Gone are the days when Cossacks were reduced to little more than mythical, mustachioed horsemen written into Russians’ collective imagination by the likes of Tolstoy, he says.
“This isn’t about putting on song-and-dance shows or perpetuating folklore,” he says, “but developing the practice of maintaining public order.”
Growing state support has fed the Cossacks’ newfound importance. Those who belong to one of Russia’s 11 federally registered Cossack organizations — including the Central Cossack Army, to which Zaplatin’s group is subordinated — are officially recognized as volunteer civil servants, whose status and activities are regulated to some degree by a federal law signed in 2005.
Last fall, Putin — who’s reportedly an honorary Cossack colonel — signed a strategy for the development of Russian Cossacks until 2020. It’s aimed at setting out economic and logistic terms for even closer cooperation between Cossacks and the government.
In exchange, the Cossacks provide legions of ready-made public service professionals with years of experience. True to the Cossack tradition, many of those who belong to a registered society in Russia have served — or currently serve — in the armed forces or in one of the so-called “security structures,” such as the Interior Ministry.
Nenarokov, who also works as a combat instructor at the Federal Security Service’s FSB Border Guard Academy, estimates that about 40 percent of the military’s officer corps is made up of Cossacks.
“The role of the Cossacks in the near future will be that of a national guard, like the Italian Carabinieri,” he says. “It’ll be more like a national militia, rather than a police force per se.”
As the Cossacks take an increasingly visible role in Russian mainstream society, critics are warning about their reputation as armed, nationalistic militiamen, who in their pre-revolutionary days perpetrated pogroms against Jews and conducted vicious raids on Muslim communities in the Caucasus Mountains.
Their renaissance has coincided with a rise in ultra-nationalism. Nationalist Muscovites have appropriated Unity Day — which Putin instituted as a national holiday in 2005 — to stage the Russian March, when thousands come out to denounce the steady flow of mostly Muslim migrant workers to the capital, often with obscene slogans. Although racist hate crimes have subsided recently, they remain startlingly prevalent.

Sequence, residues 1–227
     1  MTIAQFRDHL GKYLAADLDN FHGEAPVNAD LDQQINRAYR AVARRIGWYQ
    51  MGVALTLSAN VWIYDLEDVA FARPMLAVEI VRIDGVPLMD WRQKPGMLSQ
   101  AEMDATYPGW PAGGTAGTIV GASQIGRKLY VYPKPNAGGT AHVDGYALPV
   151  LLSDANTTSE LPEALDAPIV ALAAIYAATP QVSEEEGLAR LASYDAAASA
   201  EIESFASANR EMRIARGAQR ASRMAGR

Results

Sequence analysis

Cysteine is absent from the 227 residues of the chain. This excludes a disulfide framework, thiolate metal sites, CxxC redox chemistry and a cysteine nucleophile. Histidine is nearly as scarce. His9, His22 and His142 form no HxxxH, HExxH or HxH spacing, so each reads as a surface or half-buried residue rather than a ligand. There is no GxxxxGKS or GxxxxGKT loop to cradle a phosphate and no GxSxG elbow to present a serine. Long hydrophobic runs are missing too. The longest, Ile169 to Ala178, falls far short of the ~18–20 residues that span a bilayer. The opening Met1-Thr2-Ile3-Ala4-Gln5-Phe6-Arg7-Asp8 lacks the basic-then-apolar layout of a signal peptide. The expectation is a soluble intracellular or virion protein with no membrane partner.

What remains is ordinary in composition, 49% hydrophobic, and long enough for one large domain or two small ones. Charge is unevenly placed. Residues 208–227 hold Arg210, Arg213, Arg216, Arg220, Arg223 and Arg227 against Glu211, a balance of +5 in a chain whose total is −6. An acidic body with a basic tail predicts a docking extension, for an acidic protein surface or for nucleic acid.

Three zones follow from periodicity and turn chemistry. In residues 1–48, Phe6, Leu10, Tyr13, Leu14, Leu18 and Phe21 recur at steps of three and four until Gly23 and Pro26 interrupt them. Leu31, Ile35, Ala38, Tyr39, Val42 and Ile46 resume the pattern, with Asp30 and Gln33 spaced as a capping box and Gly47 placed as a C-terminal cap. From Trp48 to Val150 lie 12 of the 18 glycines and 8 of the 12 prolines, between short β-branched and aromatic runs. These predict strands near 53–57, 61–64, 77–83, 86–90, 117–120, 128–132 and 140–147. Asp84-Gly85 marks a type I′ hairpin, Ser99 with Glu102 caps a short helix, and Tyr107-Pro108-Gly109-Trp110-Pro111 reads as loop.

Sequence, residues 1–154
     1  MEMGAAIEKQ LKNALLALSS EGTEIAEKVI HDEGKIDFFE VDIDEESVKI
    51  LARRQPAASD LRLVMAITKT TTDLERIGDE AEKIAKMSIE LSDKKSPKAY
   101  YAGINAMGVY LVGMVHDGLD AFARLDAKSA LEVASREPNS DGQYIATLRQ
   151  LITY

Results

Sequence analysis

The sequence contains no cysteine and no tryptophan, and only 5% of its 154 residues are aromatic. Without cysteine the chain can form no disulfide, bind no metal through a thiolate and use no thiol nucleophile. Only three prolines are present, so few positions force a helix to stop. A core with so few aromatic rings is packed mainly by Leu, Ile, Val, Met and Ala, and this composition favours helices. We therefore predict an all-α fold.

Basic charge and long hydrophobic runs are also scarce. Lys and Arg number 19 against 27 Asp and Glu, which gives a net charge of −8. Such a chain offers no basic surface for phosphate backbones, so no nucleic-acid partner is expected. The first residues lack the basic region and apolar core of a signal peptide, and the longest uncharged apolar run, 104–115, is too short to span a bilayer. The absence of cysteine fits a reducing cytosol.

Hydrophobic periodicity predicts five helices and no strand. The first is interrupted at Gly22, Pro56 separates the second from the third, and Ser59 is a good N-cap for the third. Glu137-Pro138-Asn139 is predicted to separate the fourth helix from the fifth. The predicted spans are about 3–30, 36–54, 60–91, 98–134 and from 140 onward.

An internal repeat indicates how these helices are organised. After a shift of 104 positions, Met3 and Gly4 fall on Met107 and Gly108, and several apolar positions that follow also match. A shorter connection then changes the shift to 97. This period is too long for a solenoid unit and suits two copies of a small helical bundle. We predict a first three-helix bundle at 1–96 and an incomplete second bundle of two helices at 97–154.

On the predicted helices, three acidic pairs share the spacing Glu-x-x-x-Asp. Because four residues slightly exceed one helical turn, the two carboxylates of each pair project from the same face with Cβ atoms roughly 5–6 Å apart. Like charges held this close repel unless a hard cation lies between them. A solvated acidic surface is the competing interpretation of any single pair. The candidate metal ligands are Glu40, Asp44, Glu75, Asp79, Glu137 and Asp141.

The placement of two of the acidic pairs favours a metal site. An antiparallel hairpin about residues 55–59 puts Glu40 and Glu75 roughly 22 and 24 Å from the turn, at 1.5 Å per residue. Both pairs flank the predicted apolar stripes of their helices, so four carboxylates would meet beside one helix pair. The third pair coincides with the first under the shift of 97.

Masha Lipman, a politics and society expert at the Carnegie Moscow Center think-tank, says the Kremlin has pursued an “ambiguous” ethnic policy: at once playing to nationalist sentiments while also preaching ethnic harmony in an effort to stymie potential conflict.
That’s a dangerous gamble with powerful, and potentially explosive, social forces, she says.
“By empowering the Cossacks, the government is doing exactly that: encouraging action, and not just sentiments,” she said.
And judging by history, taming the Cossacks could be more difficult than the authorities may believe.
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Traditionally, Cossacks were members of autonomous communities who provided muscle in the state’s time of need in exchange for plots of land and the freedom to cultivate it. Their name in Russian, “kazak,” is derived from a Turkic word meaning “free man.”
Their loyalty wasn’t always a given. The tsarist era saw a number of Cossack-led revolts, in which leaders were able to exploit peasants’ grievances for support.
Harvard University historian Serhii Plokhii, author of The Cossack Myth, says that legacy may come back to haunt the Kremlin.
“Certainly, the government has a lot to gain from supporting the Cossacks,” he said. “But on the other hand, what you see is the creation of a self-governing organization that decides on its own what cause to support and what cause not to support.”
Despite the recent registration of the Cossack Party of the Russian Federation, however, Zaplatin plays down Cossack political ambitions. He says their goal remains simple: to serve.
“And it’s not just words,” he says. “We’ve already demonstrated that.”